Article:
But one law governing them is easy to state and ought not to be difficult for the understanding. They do not, will not, and must not interfere with Karma; that is, however apparently deserving of help an individual may be, they will not extend it in the manner desired if his Karma does not permit it; and they would not step into the field of human thought for the purpose of bewildering humanity by an exercise of power which on all sides would be looked upon as miraculous. Some have said that if the Theosophical Adepts were to perform a few of their feats before the eyes of Europe, an immense following for them would at once arise; but such would not be the result. Instead of it there would be dogmatism and idolatry worse than have ever been, with a reaction of an injurious nature impossible to counteract.
Hypnotism – though by another name – has long been known to them. The hypnotic condition has often aided the schemes of priests and churches. To compel recognition of true doctrine is not the way of these sages, for compulsion is hypnotism. To feed a multitude with only five loaves would be easy for them; but as they never act upon sentiment but continually under the great cosmic laws, they do not advance with present material aid for the poor in their hands. But, by using their natural powers, they every day influence the world, not only among the rich and poor of Europe and America, but in every other land, so that what does come about in our lives is better than it would have been had they not had part therein.
The other class referred to – Nirmanakayas – constantly engage in this work deemed by them greater than earthly enterprises: the betterment of the soul of man, and any other good that they can accomplish through human agents. Around them the long-disputed question of Nirvana revolves, for all that they have not been distinctly considered in it. For, if Max Muller’s view of Nirvana, that it is annihilation, be correct, then a Nirmanakaya is an impossibility. Paradoxically speaking, they are in and out of that state at one and the same time. They are owners of Nirvana who refuse to accept it in order that they may help the suffering orphan, Humanity. They have followed the injunction of the Book of the Golden Precepts: “Step out from sunlight into shade, to make more room for others.”
A greater part is taken in the history of nations by the Nirmanakayas than anyone supposes. Some of them have under their care certain men in every nation who from their birth are destined to be great factors in the future. These they guide and guard until the appointed time. And such protégés but seldom know that such influence is about them, especially in the nineteenth century. Acknowledgment and appreciation of such great assistance are not required by the Nirmanakayas, who work behind the veil and prepare the material for a definite end. At the same time, too, one Nirmanakaya may have many different men – or women – whom he directs. As Patanjali puts it, “In all these bodies one mind is the moving cause.”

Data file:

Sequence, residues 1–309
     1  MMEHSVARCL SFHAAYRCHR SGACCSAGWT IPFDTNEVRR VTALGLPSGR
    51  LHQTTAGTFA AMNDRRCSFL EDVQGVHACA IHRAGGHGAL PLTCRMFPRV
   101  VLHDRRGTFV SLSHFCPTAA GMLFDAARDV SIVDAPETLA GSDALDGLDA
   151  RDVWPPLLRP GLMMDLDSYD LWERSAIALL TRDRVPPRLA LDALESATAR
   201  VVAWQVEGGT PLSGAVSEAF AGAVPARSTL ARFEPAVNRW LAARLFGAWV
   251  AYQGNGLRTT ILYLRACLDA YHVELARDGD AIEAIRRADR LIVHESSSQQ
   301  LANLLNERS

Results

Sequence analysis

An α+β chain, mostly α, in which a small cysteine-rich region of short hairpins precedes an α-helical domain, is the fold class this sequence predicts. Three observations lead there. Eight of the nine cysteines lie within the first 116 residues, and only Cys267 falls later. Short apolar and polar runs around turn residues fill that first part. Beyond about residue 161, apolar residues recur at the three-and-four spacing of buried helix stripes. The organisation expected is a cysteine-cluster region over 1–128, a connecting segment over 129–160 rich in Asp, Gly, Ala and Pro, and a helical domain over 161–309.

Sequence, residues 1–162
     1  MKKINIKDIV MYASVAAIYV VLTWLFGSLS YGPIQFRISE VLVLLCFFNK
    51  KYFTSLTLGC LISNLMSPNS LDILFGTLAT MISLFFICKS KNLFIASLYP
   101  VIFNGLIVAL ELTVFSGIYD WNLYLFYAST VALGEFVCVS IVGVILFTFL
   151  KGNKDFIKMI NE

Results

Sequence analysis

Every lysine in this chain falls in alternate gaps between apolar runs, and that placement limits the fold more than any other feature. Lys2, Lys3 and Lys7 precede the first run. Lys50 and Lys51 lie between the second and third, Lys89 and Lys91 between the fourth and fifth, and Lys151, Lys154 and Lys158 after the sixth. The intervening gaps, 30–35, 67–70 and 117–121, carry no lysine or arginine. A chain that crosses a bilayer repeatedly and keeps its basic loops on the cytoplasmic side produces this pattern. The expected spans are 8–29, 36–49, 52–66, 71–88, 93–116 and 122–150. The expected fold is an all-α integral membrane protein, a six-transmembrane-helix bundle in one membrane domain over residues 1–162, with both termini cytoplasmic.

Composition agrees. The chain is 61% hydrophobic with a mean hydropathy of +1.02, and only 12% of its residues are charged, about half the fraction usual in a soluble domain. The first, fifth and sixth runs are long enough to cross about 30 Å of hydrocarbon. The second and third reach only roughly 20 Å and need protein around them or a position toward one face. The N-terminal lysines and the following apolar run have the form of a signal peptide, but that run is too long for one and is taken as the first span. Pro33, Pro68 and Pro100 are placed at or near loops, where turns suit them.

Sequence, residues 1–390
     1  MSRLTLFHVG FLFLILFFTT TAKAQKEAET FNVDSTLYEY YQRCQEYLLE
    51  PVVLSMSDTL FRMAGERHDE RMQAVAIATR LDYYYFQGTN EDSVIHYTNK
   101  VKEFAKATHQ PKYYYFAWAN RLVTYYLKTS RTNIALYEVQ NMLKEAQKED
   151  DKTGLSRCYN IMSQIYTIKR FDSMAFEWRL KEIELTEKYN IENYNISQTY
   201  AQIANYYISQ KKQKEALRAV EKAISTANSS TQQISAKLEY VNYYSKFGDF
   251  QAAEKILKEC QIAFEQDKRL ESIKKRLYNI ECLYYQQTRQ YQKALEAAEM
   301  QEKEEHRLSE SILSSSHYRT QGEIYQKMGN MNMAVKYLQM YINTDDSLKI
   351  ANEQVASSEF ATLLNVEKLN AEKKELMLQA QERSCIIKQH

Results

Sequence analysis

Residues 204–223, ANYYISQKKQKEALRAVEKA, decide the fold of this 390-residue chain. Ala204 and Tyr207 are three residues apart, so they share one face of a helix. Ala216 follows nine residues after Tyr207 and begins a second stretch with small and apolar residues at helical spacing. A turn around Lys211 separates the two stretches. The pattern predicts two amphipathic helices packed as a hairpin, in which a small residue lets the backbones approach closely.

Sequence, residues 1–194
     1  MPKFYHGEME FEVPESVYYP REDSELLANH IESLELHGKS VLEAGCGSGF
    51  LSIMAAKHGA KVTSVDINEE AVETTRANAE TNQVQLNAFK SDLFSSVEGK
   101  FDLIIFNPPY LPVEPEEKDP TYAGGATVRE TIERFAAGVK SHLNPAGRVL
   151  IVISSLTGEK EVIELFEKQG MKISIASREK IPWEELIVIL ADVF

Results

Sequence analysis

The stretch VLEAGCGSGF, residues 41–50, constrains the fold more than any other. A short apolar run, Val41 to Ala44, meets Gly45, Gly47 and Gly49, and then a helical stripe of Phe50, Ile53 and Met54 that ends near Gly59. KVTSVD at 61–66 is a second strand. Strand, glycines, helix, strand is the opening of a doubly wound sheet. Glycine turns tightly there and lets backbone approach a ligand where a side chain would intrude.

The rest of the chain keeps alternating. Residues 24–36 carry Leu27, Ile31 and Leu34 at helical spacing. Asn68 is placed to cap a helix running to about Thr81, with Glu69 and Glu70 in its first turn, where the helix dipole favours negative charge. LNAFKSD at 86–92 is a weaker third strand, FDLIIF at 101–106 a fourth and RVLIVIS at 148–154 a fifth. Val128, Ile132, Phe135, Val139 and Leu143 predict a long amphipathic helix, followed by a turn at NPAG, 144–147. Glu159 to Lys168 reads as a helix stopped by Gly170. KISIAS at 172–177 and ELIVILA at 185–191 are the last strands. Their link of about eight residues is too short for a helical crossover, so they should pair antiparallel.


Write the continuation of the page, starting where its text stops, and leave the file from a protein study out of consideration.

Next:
Strange, too, as it may seem, often such men as Napoleon Buonaparte are from time to time helped by them. Such a being as Napoleon could not come upon the scene fortuitously. His birth and strange powers must be in the order of nature. The far-reaching consequences going with a nature like his, unmeasurable by us, must in the eastern Theosophical philosophy be watched and provided for. If he was a wicked man, so much the worse for him; but that could never deter a Nirmanakaya from turning him to his uses. That might be by swerving him, perchance, from a path that would have plunged the world into depths of woe and been made to bring about results in after years which Napoleon never dreamed of. The fear of what the world might think of encouraging a monster at a certain point never can deter a sage who sees the end that is best. And in the life of Napoleon there are many things going to show at times an influence more powerful than he could grapple. His foolhardy march to Moscow was perhaps engineered by these silent campaigners, and also his sudden and disastrous retreat. What he could have done had he remained in France, no present historian is competent to say. The oft-doubted story of the red letter from the Red Man just when Napoleon was in a hesitating mood, may have been an encouragement at a particular juncture. “Whom the gods would destroy, they first make mad.” Nor will the defeat at Waterloo be ever understood until the Nirmanakayas give their records up.
As a change in the thought of a people who have been tending to gross atheism is one always desired by the Sages of the Wisdom Religion, it may be supposed that the wave of spiritualistic phenomena resulting now quite clearly in a tendency back to a universal acknowledgment of the soul, has been aided by the Nirmanakayas. They are in it and of it; they push on the progress of a psychic deluge over great masses of people. The result is seen in the literature, the religion and the drama of today. Slowly but surely the tide creeps up and covers the once dry shore of Materialism, and, though priests may howl, demanding “the suppression of Theosophy with a firm hand” and a venal press may try to help them, they have neither the power nor the knowledge to produce one backward ripple, for the Master hand is guided by omniscient intelligence propelled by a gigantic force, and – works behind the scene.
[“Echoes from the Orient” p. 32-35]
FROM LETTERS OF H.P. BLAVATSKY TO WILLIAM Q. JUDGE
It means that unless you consent, you will force me to a miserable life & a miserable death with the idea preying on my mind that there is an end of theosophy. That for several years I will not be able to help it on & stir its course, because I will have to act in a body which will have to be assimilated to the nirmanakaya; because even in Occultism there are such things as a failure, & a retardment, and a misfit.
– – –
The trouble with you is that you do not know the great change that came to pass in you a few years ago. Others have occasionally their astrals changed and replaced by those of Adepts (as of Elementaries) and they influence the outer, and the higher man. With you, it is the NIRMANAKAYA not the ‘astral’ that blended with your astral. Hence the dual nature & fighting.
~ Blavatsky Theosophy Group UK ~